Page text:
Field Notes From Empathizing With a Worm
A High Resolution Empathy Experiment
May morning sun warms my skin. Dewey grass complements bushes of flowers, somewhere between pink and violet. The air is delightfully cool. As I walk home from my daughter's bus stop, there is some squirming along the blacktop. Worms.
After a rain, the place is littered with them. I told my daughter Allie of the saying: “If you save one life, you save the whole universe.” After a rain, she and I would use small sticks to pick up a few worms and deliver them to safety.
I grab a pencil-sized stick, and attempt to coax a worm onto it. The worm pulls back, resisted, writhing. I find a twig and tried to pick up the worm like chopsticks.
It pulls back, violently. The worn moves the way I remember a centipede from my childhood. My brother and I dropped it into the bleach my mother was using to clean out the vegetable drawer from the fridge. The centipede’s motion was so frantic, so spastic, my brother and I vomited ourselves into fits of laughter.
My stomach still aches from that memory.
Eventually I give up with the sticks and just use my fingers. I pick the worm up and tossed it to the grass. As I do this, I imagine what it must feel like to be that worm:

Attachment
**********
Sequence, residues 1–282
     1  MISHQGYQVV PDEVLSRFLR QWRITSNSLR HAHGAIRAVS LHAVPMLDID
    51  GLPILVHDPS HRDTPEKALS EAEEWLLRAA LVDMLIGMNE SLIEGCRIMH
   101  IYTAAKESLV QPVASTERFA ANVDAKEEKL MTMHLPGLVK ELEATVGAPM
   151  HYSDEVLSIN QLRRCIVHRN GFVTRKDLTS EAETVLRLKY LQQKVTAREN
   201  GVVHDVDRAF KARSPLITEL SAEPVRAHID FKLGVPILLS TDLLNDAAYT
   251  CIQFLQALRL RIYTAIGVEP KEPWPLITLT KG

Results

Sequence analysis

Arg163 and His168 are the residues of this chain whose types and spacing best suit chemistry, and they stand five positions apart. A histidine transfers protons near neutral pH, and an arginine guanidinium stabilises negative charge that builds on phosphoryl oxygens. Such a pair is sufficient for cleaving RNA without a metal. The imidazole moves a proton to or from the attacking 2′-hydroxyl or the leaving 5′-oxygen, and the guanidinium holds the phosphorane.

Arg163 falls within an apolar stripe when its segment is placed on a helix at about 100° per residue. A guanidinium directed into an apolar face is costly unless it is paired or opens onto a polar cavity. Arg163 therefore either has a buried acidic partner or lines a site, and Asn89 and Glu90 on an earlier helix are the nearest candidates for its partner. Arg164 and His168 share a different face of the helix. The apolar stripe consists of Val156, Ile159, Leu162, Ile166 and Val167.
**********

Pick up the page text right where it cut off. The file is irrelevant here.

“Things were going fine until somehow I ended up in this strange place. The world used to yield to me, open itself up to me, gently, and now it has become hard and foreign. Life used to flow smoothly and now it hurts. I ache all over. My head pounds, I need water. Yet somehow in this strange place, there is none to be found. I burn. I am dying. I must use every bit of strength I have to try to find my way, desperately, water, water.
And then - dread. A predator? I have no energy, exhaustion gives way to fear, adrenaline. This is the end. I am going to die any second now... what?
I am back where I began. Warm, moist soil beneath me. It is wet here.
This is exactly what I longed for.
From the worm’s perspective (assuming it would think in words, of course) my attempts to pick it up with a stick were likely to be its last moments alive. My clumsy attempts to help it were likely interpreted as the beak of a bird trying to snap it up.
Why do you care what a worm thinks?